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Lack of IgA envelope-reactive antibody producing cells in terminal ileum in early and chronic HIV-1 infection
© Trama et al; licensee BioMed Central Ltd. 2012
Published: 13 September 2012
HIV-1 vaccines must induce protective antibodies at mucosal surfaces; the role of IgA in protection remains unknown. The HIV-1 Env antibody response begins ~day 17 after transmission, and derives from a polyreactive memory B cell pool of gut flora-reactive IgG1 and IgA B cells. Whereas the IgG Env antibody response persists years after acute HIV-1 infection, the initial IgA response decreases over the first month. There is also selective destruction of terminal ileum germinal centers in early HIV-1 infection (EHI). To determine HIV-1 IgA responses in gut, we isolated Env-reactive antibodies from ileum from patients in EHI and chronic HIV-1 infection (CHI).
Single plasma cells (PCs) and IgD- memory B cells were sorted from the ileum and/or blood of 7 EHI and 3 CHI. Antibodies were isolated by PCR amplification of Ig heavy chain V(D)J and light chain VJ genes and characterized by ELISA and Luminex.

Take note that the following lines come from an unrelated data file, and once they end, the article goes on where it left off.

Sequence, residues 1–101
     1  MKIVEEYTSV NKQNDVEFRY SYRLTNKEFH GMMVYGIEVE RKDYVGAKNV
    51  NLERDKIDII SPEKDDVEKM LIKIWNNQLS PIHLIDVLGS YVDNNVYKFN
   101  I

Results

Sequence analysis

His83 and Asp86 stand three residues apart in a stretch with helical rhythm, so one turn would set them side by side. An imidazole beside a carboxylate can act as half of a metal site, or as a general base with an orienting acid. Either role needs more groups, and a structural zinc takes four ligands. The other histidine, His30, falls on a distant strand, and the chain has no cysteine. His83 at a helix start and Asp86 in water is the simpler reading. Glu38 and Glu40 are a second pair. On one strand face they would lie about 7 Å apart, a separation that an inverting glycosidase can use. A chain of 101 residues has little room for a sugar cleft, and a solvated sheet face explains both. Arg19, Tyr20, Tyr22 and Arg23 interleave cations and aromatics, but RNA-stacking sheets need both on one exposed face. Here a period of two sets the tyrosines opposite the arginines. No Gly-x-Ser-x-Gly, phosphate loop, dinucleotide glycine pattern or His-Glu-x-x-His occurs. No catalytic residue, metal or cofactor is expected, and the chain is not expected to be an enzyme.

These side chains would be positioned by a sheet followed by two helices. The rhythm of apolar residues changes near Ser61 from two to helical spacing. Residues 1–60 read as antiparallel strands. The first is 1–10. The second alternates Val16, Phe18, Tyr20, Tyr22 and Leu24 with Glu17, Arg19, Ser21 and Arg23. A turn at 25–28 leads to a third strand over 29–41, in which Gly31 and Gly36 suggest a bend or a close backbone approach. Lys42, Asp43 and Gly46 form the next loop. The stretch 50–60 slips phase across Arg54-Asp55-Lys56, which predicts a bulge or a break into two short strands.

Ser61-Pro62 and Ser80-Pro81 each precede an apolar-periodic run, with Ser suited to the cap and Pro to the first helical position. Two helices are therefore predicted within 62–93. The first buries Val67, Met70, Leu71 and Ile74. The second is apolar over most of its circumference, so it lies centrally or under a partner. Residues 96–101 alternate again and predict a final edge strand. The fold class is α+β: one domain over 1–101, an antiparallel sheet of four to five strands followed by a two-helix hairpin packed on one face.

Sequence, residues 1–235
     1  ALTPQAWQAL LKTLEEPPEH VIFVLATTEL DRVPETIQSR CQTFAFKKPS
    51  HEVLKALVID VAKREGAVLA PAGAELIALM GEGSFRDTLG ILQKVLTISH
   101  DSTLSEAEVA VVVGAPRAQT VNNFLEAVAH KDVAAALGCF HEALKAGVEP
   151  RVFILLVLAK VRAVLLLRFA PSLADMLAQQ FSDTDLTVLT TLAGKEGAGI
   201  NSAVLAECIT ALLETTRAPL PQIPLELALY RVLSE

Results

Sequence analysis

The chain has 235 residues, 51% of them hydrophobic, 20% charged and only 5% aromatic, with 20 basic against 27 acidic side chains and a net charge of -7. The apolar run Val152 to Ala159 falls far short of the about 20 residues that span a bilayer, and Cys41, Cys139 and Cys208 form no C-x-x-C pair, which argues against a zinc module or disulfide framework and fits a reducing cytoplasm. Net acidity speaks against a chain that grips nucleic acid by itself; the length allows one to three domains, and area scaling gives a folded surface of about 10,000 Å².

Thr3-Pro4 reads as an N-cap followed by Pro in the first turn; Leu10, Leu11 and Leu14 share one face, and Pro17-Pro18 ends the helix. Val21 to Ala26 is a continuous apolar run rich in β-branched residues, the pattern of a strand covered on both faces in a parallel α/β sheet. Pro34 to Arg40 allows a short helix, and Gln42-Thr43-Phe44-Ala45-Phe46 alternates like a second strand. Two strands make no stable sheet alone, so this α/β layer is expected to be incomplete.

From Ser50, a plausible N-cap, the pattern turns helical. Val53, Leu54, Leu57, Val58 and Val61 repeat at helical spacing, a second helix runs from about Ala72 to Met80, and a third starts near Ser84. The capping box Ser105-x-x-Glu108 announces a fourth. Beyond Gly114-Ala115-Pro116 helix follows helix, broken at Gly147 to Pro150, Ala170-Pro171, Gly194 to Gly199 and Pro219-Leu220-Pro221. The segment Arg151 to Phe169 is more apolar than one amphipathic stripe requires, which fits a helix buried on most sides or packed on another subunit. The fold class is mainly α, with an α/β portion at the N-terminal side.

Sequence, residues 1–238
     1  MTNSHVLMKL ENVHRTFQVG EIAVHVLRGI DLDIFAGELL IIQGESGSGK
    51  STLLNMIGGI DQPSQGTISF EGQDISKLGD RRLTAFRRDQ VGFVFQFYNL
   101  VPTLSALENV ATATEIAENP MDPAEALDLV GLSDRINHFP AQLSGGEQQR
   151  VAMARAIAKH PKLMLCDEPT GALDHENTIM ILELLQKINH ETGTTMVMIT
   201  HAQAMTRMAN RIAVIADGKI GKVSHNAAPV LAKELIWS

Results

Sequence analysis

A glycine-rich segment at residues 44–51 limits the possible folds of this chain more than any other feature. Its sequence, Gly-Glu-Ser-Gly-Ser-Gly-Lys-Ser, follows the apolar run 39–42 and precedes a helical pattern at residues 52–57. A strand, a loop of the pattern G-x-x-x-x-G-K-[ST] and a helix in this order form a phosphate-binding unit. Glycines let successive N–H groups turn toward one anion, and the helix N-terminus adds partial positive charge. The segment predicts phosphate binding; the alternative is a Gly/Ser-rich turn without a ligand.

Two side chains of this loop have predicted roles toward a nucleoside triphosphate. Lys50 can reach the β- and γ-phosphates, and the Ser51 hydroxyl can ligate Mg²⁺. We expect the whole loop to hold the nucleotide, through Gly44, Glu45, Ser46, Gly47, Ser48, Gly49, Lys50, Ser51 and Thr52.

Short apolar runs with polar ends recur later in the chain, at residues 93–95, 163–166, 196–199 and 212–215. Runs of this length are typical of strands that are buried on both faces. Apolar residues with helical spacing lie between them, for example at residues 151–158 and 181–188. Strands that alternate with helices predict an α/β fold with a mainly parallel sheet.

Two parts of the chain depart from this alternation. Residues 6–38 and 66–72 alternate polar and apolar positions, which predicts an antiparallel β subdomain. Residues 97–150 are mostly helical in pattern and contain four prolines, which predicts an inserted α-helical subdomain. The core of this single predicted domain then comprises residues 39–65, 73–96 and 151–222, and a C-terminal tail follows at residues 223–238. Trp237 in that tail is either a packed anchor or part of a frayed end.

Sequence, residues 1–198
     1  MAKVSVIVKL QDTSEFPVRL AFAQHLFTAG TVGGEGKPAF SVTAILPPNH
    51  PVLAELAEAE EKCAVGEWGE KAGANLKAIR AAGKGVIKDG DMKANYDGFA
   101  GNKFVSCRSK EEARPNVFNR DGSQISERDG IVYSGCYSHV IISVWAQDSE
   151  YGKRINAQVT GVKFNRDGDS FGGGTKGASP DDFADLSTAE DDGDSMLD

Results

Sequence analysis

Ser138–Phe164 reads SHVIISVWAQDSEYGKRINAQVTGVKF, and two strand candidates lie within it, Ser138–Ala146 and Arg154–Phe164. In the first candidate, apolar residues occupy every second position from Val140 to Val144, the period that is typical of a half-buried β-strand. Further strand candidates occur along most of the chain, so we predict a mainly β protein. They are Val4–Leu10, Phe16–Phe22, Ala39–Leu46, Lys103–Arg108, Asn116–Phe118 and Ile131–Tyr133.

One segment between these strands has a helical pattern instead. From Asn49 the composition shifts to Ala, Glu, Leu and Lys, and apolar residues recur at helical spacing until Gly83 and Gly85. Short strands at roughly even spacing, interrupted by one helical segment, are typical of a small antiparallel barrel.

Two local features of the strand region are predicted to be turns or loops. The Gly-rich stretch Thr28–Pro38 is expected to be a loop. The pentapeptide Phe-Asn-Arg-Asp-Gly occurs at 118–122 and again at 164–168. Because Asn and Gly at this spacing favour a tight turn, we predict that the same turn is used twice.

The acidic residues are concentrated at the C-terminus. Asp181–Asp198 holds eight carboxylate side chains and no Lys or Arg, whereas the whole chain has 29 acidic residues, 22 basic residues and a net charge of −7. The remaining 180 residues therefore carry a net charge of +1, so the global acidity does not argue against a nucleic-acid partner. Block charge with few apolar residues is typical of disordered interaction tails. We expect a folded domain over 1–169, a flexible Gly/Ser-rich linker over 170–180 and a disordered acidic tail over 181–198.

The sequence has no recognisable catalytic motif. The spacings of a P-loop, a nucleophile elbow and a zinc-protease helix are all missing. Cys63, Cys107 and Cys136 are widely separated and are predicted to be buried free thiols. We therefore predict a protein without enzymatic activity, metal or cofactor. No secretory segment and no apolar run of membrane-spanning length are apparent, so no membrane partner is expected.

Whereas CHI blood memory IgA+ B cells reactive with HIV-1 envelope ranged from 0.20-0.79%, only 0-0.07% of ileum IgA+ B cells were Env-reactive. Of 254 mAbs isolated from EHI ileum, only 3 (1.2%) were HIV-1-reactive. In CHI, 9 (5.7%) of 158 mAb were HIV-1 reactive. None of the HIV-1 reactive ileum antibodies were of the IgA isotype.
HIV-1 envelope reactive IgA+ memory B cells and PCs can be found in the blood, but there is a dearth of HIV-1 reactive memory IgA+ B cells and PCs in ileum in EHI and CHI. Loss of IgA in plasma after acute HIV-1 infection is paralleled by the loss of IgA+ B cells in ileum, and is likely a consequence of HIV-1-induced ileum germinal center apoptosis. For vaccine design, it will be important to determine if mucosal IgA+ B cell loss is due to replicating virus or is triggered by soluble HIV-1 envelope.
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